ASSU elections are around the corner. Petitions are due a week from today. People are asking themselves if they should run and what should be on their platform.
We are writing this because we believe strongly in the ASSU and its power to do a lot of good when students, committed to working on big problems, step up.
It can be tempting to make the ASSU a tool to help pursue narrow interests of the student body. But the ASSU’s mission and history, and the state of affairs on campus, require a much more ambitious and altruistic ASSU. The ASSU played a major role in anti-apartheid organizing. The ASSU President founded Earth Day. The history of the ASSU is one of bold action and a commitment to social justice – and that is what is needed now.
What are the challenges the ASSU should tackle? There are many, but here are four:
Sexual Assault: The University has made addressing sexual assault more of a priority in recent years. But its response is still insufficient. Students should be warned about dangerous locations, and houses that may harbor offenders must be handled head on. Strong support services for acute and ongoing trauma must be on campus permanently. Men and women must be trained to build a safer campus, and abusers must be held to account. The campus must be rallied to stamp out a bystander mentality.
Mental Health: The worst days at Stanford are when headlines tell us – explicitly or otherwise – that a member of our community has taken his or her life. Too many continue to suffer the pain from untreated depression, eating disorders and other struggles. Simply, we need more investment in support services that have been shown to make the biggest difference in the lives of students.
Expanding Public Service: Jane Stanford’s vision was that Stanford would shape leaders for the public good. While the Haas Center has excellent programs, efforts to support Stanford student’s strong desire to serve the public should be more deeply encouraged by the broader University community. At Stanford, there should be an exponential increase in summer service fellowships and post-grad opportunities to begin catching up with the enormous, but currently unmet, demand among students. University leadership should call students to serve and remind them of the broader responsibilities accompanying a Stanford degree. This call should be issued well before students graduate.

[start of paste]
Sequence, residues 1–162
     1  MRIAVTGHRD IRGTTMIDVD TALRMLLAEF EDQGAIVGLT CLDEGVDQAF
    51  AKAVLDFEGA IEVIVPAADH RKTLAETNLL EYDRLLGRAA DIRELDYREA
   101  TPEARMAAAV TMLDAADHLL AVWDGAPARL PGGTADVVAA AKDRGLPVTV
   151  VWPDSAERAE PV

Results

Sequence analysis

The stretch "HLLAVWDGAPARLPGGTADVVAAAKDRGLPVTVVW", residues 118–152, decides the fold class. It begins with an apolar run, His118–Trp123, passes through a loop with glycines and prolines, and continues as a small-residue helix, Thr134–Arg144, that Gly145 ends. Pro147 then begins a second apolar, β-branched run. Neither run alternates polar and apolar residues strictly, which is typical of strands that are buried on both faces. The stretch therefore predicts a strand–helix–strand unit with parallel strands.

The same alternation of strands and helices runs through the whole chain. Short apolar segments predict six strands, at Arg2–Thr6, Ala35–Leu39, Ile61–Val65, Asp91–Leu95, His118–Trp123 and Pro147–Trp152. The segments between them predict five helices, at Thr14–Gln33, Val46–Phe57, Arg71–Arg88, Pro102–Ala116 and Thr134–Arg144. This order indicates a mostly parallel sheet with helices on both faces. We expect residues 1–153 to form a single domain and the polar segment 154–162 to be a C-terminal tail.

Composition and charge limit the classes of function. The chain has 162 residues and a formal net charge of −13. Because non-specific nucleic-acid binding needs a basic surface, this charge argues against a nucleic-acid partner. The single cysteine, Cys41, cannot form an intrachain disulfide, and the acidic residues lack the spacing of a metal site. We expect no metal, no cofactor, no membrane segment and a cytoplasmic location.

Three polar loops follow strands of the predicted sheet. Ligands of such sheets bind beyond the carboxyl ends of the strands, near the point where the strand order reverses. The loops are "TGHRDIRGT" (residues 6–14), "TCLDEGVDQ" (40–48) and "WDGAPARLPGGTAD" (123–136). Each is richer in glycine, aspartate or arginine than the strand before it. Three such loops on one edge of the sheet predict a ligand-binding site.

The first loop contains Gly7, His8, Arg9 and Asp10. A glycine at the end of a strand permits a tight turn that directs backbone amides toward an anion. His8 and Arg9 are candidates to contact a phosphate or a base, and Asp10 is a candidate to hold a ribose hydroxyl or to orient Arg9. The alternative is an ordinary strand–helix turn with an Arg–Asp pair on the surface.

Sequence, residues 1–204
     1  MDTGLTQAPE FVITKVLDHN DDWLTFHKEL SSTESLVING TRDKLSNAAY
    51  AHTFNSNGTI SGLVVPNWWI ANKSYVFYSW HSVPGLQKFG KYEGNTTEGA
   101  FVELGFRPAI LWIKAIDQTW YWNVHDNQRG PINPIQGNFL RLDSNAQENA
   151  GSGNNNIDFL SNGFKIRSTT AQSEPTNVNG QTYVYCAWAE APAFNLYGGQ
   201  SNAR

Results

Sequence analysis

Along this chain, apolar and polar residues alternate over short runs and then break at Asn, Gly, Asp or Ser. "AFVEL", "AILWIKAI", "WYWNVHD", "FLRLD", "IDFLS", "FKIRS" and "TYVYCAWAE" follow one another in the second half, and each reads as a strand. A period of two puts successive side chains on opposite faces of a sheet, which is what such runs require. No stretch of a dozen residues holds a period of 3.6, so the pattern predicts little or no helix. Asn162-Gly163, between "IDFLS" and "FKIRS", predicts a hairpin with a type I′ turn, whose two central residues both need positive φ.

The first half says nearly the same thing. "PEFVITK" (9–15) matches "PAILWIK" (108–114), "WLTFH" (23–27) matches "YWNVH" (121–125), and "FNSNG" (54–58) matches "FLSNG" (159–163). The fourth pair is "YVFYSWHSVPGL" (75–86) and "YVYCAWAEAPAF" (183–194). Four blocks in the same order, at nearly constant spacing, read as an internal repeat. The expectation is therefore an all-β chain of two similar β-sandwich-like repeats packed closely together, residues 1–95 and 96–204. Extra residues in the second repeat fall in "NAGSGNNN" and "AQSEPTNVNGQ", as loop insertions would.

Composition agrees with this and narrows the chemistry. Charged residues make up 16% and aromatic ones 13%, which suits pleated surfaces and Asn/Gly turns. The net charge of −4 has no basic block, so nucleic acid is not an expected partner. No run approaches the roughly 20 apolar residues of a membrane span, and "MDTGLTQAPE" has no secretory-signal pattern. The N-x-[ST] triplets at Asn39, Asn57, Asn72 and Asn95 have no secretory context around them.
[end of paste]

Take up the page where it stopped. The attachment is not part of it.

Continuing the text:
Igniting Political Engagement: The ASSU should rally the student body to engage in the important political fights of our time. We worked with a coalition to hold the biggest phone-bank in the state against Proposition 8. What will you organize around? Will you help pass the Dream Act? Comprehensive immigration reform? Equal rights for all? Permanent recognition of the speech rights guaranteed to the student body through Leonard Law? Whatever the cause, the ASSU has the power to make a real difference.
These are four important issues, but we’re sure each of you can identify many more. That point is that the ASSU can and must work on important problems to better people’s lives.
2013 provides an incredible opportunity for the ASSU to have powerful impact on the lives of others. Stanford recently broke the record as the first university to surpass $1 billion in donations in a single year. While most of this money is committed to certain uses, some of it is not, and this windfall reflects our overall strong financial standing. The ASSU should lobby for funds where needed. We served during the financial crisis, and many of our plans were derailed rather swiftly, as a result. We envy your opportunity to serve in this moment.
And who should run? Good question. Other than the obvious answer that we need people committed to tackling serious problems, good candidates: 1) Have led people and groups before, 2) will work extremely hard, 3) will respect the administration and students alike, 4) will have the strength to push the administration and student body to tackle issues that matter most to Stanford students and the broader community, and 5) see the great potential latent in the ASSU and will work hard to realize its promise.
We’re both grad students now. We’ve both led other organizations outside the bubble. But running the student government at Stanford remains the hardest job we’ve ever held. If you run, you’ll be in for a lot of hard work. People will assume you are in it for ego, glory, resume bullets or some combination of all the above. But if you decide to do work that really matters, you could have a serious impact. You could build a Stanford where fewer students are sexually assaulted, survivors are better supported, suicides are reduced and our students and alumni use their lives to build a better world. Run.
Jonny Dorsey and Fagan Harris
ASSU Execs, 2008-2009